Spiralling ‘whirlpool’ appears to open up in the sky


A swirling spiral appeared to have opened up in the night sky after a recent SpaceX launch.

The blue whirlpool – which looks something like a miniature galaxy – appears to have been left behind when the company used one of its Falcon 9 rockets to send a GPs satellite into orbit.

It looks as if it has come from distant space, or like a supernatural hole might be opening up in the sky. But the actual explanation is much more earthly, say experts.

After the second stage of the rocket deployed the satellite it was carrying, it ejected any leftover fuel before coming back to Earth. That sent it into a spin, and it left behind a cloud of frozen fuel crystals – which lit up in the eerie spectacle when they were hit by sunlight.

The images were captured on 18 January by a camera at the summit of Mauna Kea outside the National Astronomical Observatory of Japan's Subaru telescope.

A time-lapse video shows a white orb spreading out and forming a spiral as it moves across the sky. It then fades and disappears.

Ichi Tanaka, a researcher at the Subaru telescope, said he was doing other work that night and didn't immediately see it. Then a stargazer watching the camera's livestream on YouTube sent him a screenshot of the spiral using an online messaging platform.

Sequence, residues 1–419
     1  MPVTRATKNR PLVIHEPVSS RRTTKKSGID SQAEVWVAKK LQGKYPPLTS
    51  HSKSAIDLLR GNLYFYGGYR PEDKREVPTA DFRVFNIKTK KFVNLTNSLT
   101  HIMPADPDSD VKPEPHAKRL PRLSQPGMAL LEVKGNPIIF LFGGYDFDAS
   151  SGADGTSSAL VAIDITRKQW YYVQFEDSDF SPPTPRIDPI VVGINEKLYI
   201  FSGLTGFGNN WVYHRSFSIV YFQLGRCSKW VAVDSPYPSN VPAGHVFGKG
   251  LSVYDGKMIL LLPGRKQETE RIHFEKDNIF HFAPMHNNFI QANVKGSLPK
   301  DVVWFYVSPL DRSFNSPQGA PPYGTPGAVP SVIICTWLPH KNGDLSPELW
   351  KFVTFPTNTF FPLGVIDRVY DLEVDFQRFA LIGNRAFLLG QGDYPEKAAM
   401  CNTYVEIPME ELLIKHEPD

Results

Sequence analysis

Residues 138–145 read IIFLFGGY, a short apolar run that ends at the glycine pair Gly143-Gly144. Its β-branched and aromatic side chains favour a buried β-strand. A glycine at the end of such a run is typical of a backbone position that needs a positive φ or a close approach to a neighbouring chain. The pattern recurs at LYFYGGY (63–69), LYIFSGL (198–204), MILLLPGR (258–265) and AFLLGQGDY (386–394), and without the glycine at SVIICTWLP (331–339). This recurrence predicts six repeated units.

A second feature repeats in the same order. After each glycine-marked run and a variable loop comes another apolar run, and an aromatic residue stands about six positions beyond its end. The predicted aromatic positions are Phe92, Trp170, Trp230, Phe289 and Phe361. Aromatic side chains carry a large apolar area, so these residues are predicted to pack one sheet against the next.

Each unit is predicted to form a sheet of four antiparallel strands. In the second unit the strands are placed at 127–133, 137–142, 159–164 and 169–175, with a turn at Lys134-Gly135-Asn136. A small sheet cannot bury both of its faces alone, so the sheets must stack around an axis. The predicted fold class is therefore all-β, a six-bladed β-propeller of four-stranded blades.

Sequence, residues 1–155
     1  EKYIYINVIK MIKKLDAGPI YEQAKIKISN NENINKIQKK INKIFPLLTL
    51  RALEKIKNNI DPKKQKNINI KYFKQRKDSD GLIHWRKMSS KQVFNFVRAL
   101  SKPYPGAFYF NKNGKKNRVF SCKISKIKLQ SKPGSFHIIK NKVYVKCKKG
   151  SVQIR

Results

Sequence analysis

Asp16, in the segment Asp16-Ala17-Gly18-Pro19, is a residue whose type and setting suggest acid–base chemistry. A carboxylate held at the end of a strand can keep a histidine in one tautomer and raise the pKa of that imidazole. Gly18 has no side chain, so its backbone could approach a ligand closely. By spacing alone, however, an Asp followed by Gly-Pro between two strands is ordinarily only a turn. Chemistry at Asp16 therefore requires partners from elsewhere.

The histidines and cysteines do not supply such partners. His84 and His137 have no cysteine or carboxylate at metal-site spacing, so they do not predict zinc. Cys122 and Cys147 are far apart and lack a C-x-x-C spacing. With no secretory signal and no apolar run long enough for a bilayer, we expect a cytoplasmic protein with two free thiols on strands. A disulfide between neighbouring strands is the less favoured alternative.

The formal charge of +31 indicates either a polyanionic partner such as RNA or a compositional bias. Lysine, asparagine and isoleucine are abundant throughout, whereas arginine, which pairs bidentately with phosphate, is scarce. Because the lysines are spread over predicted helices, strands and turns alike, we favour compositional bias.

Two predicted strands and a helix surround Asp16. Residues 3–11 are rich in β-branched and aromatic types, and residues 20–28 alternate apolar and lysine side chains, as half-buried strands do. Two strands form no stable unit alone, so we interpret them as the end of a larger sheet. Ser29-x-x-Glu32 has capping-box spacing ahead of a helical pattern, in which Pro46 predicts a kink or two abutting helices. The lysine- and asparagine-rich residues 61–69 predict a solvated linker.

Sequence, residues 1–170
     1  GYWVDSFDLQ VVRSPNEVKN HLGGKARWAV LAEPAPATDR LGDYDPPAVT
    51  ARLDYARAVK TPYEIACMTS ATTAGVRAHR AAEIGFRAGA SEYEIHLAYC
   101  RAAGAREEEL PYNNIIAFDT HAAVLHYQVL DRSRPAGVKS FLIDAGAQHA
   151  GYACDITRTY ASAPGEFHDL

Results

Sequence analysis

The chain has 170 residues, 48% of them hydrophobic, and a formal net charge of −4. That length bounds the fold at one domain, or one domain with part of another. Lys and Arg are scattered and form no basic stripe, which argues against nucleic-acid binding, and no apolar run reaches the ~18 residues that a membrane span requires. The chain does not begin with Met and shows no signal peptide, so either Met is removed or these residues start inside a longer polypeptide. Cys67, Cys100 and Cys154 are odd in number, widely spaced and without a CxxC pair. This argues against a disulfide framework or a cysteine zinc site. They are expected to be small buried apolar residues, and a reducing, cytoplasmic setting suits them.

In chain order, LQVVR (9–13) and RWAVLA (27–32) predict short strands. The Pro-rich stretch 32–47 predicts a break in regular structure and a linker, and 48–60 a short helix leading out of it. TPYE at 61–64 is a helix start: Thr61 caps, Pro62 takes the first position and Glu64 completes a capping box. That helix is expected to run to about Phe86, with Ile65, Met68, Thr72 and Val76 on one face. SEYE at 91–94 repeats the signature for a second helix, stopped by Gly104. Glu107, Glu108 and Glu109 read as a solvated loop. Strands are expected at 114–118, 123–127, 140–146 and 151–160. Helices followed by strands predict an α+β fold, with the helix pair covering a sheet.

“When I opened Slack, that is what I saw and it was a jaw-dropping event for me,” Tanaka said.

He saw a similar spiral last April, also after a SpaceX launch, but that one was larger and more faint.

The location of the spiral on 18 January matched where the second stage of the SpaceX rocket was expected to be after its launch.

SpaceX didn't respond to an email seeking comment.

Tanaka said the observatory installed the camera to monitor the surroundings outside the Subaru telescope and to share Mauna Kea's clear skies with the people of Hawaii and the world.

Someone watching the sky in less clear conditions, for example from Tokyo, might not have seen the spiral, he said.

The livestream is jointly operated with the Asahi Shimbun, a major Japanese newspaper, and frequently gets hundreds of viewers. Some tune in to watch meteors streak across the sky.

The summit of Mauna Kea has some of best viewing conditions on Earth for astronomy, making it a favored spot for the world’s most advanced observatories. The summit is also considered sacred by many Native Hawaiians who view it as a place where the gods dwell.

Additional reporting by Associated Press